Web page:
The top of the serpentine commode is inlaid with a marquetry panel of musical trophy hanging from a ribbon within a foliate cartouche, flanked by sprays of ribbon-tied flowers, on a background of harewood.
It has a broad cross-banded border and moulded tulipwood edge. The doors at the front have wide, cross-banded borders and green-stained banding with Greek key ornament at the angles. The centre is veneered in dark, stained harewood inlaid in the centre of each door with a classical vase filled with flowers, with gilt bronze banding down the side of one door.
The doors open to reveal three graduated drawers with drop ring handles with circular moulded back plates. The sides are similarly veneered and inlaid with a ribbon-tied spray of flowers. The shaped apron with scrolling floral gilt bronze mount and the protruding angles applied with floral and foliate mounts running down to acanthus sabots.
Possibly supplied to Thomas Edwards-Freeman, Batsford Park, Moreton-in-Marsh, Gloucestershire, and by descent with the house to
John Freeman-Mitford, 1st Baron Redesdale (1748-1830), and by descent to his son
John Thomas Freeman-Mitford, 1st Earl Redesdale (1805-1886), Batsford Park, Gloucestershire and thence by descent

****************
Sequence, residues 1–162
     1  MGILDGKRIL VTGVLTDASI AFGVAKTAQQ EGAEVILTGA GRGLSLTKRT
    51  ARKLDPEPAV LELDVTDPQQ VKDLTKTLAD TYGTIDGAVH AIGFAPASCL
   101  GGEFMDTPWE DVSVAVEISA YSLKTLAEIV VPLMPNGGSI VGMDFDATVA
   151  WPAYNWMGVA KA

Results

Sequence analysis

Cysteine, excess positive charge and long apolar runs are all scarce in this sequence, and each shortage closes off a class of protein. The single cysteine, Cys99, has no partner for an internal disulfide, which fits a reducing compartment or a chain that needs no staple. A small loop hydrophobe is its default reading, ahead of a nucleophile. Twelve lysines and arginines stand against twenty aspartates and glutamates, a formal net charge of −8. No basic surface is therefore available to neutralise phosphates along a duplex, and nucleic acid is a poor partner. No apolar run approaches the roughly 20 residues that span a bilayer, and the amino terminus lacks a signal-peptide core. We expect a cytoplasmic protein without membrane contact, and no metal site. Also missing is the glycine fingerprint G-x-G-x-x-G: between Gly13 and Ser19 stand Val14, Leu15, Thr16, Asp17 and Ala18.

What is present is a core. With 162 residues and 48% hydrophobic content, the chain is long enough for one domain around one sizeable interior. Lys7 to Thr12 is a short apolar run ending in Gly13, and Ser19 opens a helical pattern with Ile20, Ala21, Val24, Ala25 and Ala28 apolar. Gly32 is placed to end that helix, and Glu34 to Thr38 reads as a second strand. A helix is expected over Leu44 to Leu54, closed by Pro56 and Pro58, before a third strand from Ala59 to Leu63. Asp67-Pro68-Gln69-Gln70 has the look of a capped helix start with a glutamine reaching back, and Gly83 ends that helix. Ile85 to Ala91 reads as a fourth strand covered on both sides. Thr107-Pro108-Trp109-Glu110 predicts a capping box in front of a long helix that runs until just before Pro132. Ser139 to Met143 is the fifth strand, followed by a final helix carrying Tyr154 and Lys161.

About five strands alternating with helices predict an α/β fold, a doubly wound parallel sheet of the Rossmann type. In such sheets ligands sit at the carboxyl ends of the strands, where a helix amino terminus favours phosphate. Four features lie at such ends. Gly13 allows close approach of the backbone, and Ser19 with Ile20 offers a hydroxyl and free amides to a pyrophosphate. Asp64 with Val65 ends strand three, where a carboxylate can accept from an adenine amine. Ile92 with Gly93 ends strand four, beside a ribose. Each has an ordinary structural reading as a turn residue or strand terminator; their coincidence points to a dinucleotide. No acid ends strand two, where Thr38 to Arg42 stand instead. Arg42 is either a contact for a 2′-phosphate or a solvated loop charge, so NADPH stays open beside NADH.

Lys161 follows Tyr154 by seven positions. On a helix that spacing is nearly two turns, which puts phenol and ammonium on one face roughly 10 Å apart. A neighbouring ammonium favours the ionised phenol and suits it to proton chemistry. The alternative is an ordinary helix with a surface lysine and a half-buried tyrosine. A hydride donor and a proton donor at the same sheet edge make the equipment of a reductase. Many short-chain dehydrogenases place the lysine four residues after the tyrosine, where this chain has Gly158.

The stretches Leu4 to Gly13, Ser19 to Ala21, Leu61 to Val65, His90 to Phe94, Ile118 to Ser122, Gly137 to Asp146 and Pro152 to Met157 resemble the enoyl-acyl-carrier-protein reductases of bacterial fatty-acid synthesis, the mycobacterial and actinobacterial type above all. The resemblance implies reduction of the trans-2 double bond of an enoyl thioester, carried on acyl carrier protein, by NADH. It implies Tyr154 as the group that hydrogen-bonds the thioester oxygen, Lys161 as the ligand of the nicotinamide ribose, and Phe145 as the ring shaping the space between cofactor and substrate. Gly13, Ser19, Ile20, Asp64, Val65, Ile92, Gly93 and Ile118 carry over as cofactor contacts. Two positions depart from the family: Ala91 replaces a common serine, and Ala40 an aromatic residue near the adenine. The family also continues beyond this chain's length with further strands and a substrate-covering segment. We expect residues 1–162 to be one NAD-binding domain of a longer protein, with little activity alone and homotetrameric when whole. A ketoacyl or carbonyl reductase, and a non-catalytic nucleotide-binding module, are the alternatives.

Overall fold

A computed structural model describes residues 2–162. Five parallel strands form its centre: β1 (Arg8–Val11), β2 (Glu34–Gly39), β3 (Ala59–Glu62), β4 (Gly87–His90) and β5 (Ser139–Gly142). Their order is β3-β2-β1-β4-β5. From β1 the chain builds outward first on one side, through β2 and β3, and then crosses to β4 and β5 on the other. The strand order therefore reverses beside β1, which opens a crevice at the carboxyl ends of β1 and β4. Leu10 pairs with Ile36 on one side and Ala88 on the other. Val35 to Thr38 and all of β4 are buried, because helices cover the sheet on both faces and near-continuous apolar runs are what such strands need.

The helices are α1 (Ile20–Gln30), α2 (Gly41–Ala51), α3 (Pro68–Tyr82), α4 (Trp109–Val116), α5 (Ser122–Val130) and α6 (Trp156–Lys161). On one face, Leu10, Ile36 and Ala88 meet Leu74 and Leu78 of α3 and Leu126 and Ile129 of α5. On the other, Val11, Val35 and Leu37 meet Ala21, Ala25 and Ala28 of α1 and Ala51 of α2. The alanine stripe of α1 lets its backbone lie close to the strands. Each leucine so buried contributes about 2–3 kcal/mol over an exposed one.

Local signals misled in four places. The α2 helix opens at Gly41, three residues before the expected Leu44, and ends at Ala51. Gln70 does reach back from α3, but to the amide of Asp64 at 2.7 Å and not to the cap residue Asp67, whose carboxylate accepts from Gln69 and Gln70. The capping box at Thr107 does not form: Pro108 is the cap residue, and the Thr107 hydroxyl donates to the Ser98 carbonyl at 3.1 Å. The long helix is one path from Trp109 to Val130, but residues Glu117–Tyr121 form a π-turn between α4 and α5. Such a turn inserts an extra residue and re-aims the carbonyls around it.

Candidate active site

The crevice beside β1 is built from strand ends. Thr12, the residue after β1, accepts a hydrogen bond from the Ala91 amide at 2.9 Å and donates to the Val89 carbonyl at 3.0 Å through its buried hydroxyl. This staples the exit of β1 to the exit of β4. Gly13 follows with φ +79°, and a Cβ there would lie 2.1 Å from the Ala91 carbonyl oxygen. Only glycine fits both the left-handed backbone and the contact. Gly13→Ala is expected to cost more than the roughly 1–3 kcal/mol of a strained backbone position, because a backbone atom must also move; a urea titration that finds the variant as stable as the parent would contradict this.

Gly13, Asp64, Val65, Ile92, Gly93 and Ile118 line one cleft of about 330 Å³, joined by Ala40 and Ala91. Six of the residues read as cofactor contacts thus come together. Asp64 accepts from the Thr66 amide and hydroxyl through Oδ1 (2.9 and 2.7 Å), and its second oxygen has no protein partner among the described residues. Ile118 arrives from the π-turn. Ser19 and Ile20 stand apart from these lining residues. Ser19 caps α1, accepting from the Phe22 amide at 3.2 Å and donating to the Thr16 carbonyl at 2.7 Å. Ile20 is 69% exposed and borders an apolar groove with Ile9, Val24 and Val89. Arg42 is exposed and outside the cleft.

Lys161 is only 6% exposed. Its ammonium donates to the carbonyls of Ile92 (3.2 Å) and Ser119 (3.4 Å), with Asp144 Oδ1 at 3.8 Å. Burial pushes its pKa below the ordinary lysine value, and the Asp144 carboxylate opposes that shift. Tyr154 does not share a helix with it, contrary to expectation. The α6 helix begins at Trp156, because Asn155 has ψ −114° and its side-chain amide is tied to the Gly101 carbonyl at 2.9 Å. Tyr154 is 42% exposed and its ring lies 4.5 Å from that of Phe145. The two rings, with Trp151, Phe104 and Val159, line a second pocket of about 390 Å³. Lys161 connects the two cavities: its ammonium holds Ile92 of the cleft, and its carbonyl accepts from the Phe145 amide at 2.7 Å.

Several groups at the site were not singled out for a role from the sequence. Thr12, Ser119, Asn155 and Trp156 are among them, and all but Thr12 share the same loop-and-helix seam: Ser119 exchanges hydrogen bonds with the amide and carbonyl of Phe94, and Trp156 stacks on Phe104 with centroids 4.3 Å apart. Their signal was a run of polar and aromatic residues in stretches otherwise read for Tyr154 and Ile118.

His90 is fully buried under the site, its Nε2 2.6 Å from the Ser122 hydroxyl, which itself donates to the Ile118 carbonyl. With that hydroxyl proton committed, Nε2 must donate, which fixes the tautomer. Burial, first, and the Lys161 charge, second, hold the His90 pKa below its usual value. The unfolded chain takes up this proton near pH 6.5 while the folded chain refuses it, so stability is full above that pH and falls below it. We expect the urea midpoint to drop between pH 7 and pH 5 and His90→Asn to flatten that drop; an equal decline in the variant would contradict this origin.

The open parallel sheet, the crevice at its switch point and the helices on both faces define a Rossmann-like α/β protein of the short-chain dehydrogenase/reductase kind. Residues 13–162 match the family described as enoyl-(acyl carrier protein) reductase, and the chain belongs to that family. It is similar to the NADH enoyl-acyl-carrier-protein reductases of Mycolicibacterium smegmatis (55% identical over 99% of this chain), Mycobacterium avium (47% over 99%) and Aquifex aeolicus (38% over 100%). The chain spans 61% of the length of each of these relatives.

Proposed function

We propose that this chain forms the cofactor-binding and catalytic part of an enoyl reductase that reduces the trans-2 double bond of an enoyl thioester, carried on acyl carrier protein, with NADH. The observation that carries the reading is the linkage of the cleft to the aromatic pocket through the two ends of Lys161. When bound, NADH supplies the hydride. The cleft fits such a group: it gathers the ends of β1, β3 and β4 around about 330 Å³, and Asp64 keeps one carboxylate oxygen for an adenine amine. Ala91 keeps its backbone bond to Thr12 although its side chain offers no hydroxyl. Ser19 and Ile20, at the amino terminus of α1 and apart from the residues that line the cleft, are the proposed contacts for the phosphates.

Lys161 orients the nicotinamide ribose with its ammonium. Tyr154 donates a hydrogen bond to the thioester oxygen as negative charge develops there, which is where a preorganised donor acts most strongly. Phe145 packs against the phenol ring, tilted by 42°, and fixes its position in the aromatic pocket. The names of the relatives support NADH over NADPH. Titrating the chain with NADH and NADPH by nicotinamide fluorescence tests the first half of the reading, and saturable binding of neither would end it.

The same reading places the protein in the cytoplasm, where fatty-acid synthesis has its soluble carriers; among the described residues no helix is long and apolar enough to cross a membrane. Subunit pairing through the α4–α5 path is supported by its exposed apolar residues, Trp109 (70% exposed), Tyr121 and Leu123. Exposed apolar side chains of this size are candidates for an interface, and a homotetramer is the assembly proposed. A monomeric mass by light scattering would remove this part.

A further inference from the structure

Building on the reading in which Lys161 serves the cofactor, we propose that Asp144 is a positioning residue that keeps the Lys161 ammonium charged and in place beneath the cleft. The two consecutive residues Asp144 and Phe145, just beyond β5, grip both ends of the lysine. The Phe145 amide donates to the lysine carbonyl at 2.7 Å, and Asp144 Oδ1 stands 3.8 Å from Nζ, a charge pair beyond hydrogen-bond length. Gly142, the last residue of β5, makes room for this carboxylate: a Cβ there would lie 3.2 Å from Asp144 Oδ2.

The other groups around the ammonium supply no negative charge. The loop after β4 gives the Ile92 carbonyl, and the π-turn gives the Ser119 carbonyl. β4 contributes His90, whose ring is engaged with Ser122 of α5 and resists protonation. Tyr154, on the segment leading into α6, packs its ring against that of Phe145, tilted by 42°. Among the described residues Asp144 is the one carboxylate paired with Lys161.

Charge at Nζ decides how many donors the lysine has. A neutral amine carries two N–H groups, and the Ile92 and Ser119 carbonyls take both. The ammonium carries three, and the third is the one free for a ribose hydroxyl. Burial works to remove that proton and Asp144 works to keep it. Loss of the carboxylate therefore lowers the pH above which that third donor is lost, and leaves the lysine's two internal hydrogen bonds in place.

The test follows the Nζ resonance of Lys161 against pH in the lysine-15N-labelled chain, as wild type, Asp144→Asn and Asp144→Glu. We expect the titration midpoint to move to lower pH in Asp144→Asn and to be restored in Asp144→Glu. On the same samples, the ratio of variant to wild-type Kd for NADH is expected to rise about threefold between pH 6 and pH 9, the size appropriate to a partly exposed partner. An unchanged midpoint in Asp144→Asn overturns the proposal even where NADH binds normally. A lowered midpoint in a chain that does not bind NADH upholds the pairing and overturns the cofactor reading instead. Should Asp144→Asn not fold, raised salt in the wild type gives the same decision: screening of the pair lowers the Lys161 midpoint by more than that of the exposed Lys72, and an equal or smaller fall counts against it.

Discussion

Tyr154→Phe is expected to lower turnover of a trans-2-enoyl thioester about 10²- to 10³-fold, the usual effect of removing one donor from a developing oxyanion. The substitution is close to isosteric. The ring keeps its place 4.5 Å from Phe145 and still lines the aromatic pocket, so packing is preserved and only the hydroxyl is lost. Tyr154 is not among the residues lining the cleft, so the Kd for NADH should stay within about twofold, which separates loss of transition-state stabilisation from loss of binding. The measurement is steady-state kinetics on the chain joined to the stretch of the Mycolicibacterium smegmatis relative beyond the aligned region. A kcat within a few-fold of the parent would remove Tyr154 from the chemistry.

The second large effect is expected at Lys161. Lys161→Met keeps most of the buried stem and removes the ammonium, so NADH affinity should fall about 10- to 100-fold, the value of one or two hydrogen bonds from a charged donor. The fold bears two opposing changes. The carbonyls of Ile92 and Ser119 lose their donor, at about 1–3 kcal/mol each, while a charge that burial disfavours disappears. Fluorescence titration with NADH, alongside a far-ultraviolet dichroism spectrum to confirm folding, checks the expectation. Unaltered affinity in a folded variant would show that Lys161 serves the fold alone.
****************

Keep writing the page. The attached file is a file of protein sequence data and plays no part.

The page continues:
Sale, Bruton Knowles & Co., Gloucester, 30 April to 2 May, 1919, lot 387
Bought by William Hesketh Lever, 1st Viscount Leverhulme (d.1925) from M.Harris and sons 26 May 1919, for £815 and thence by descent
Lucy Wood, 'Catalogue of Commodes', 1994, p. 165, figs. 152-4 and Appendix X3318, p. 332.
The commode belongs to a small number of commodes all of which would appear to have been made by a group of continental craftsmen working in England during the 1760s and 1770s. The best known of these émigré craftsmen was Pierre Langlois who had premises in Tottenham Court Road.
The designs incorporated in the marquetry, in particular the musical trophy inlaid on the top, are very close to schemes of marquetry found on French pieces. The vases on the doors, in the so-called “goût grec”, relate to engravings of Delafosse which were one of the most important sources for French craftsmen at this period.